The Night Before Prozac by Susan Cossette

The Night Before Prozac

The amber bottle of green and white capsules
waits in the plastic pharmacy bin,
for three days now.

The strap of muscles clenched around my ribs,
The nausea and stomach churn tell me it is time.
My pulse pounds
go, go, go.

At 3 am, I will think of the perfect things I should have said at work but didn’t.
I will regret the things I said but said anyway.
I will imagine every way I could possibly die.

CNN reports a 50% increase in the number of liver transplants needed
due to pandemic binge drinking.
I cringe at the dozen empty wine bottles
in the kitchen trash.
So many colors, each with its own mood.
The good pinot grigios remind me I overspend.
The cheap ones scream of bored desperation.

In 1999, I crawled into bed for a month.
Nothing existed but the lace curtains, the damp sheets,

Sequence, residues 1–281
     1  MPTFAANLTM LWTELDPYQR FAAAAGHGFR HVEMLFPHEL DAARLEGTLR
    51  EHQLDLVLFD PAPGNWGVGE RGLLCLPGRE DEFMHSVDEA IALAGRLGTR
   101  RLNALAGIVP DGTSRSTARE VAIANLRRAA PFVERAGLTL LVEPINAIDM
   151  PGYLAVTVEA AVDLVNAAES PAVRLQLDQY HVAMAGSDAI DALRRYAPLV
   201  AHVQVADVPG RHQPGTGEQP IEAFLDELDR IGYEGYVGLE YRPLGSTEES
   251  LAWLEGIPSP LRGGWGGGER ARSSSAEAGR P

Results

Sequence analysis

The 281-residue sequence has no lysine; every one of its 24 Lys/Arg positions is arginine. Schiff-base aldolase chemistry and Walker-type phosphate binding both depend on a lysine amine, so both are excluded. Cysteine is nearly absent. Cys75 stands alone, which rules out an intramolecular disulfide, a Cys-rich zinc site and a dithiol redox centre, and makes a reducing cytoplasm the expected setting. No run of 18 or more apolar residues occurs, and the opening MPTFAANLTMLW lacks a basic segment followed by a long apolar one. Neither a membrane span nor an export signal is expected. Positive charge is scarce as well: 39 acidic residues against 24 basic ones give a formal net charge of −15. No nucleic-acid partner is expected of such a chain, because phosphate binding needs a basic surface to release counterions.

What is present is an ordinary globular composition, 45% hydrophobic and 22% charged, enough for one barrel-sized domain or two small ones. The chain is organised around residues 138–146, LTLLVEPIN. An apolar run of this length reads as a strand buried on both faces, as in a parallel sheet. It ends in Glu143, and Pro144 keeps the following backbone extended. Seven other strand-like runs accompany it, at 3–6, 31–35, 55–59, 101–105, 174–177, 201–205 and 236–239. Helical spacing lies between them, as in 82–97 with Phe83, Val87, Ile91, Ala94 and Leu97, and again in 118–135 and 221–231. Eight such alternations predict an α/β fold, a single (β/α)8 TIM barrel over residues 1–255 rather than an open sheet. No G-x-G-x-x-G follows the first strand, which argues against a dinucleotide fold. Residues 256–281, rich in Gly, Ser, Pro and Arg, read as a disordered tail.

a toddler and his grandmother in the next room.
All it took was a pill to wind me up again–
a blank-gazed cipher in pink gingham,
contorted limbs, stiff painted smile.

At 3 am, I will worry I won’t write another poem again.
But I need to sleep and smile and do my job,
the one I waited my whole life for.
I have bills to pay.

The amber plastic bottle waits.


Susan Cossette lives and writes in Minneapolis, Minnesota. The Author of Peggy Sue Messed Up, she is a recipient of the University of Connecticut’s Wallace Stevens Poetry Prize. A two-time Pushcart Prize nominee, her work has appeared or is forthcoming in Rust and Moth, Vita Brevis, ONE ART, As it Ought to Be, Anti-Heroin Chic, The Amethyst Review, Crow & Cross Keys, Loch Raven Review, and in the anthologies Tuesdays at Curley’s and After the Equinox.

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